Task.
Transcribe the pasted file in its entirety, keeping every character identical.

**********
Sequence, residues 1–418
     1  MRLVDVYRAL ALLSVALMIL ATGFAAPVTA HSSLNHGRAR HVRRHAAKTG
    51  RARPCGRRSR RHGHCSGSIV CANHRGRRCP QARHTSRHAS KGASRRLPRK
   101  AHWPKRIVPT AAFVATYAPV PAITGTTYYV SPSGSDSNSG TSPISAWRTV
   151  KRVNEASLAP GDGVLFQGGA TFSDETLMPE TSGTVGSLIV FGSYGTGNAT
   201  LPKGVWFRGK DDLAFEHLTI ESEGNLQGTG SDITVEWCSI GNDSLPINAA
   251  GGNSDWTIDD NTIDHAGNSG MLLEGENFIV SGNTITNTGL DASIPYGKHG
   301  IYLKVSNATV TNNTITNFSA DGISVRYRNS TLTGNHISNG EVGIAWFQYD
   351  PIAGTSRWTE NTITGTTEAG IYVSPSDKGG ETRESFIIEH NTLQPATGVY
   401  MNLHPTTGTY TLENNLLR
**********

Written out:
Sequence, residues 1–418
     1  MRLVDVYRAL ALLSVALMIL ATGFAAPVTA HSSLNHGRAR HVRRHAAKTG
    51  RARPCGRRSR RHGHCSGSIV CANHRGRRCP QARHTSRHAS KGASRRLPRK
   101  AHWPKRIVPT AAFVATYAPV PAITGTTYYV SPSGSDSNSG TSPISAWRTV
   151  KRVNEASLAP GDGVLFQGGA TFSDETLMPE TSGTVGSLIV FGSYGTGNAT
   201  LPKGVWFRGK DDLAFEHLTI ESEGNLQGTG SDITVEWCSI GNDSLPINAA
   251  GGNSDWTIDD NTIDHAGNSG MLLEGENFIV SGNTITNTGL DASIPYGKHG
   301  IYLKVSNATV TNNTITNFSA DGISVRYRNS TLTGNHISNG EVGIAWFQYD
   351  PIAGTSRWTE NTITGTTEAG IYVSPSDKGG ETRESFIIEH NTLQPATGVY
   401  MNLHPTTGTY TLENNLLR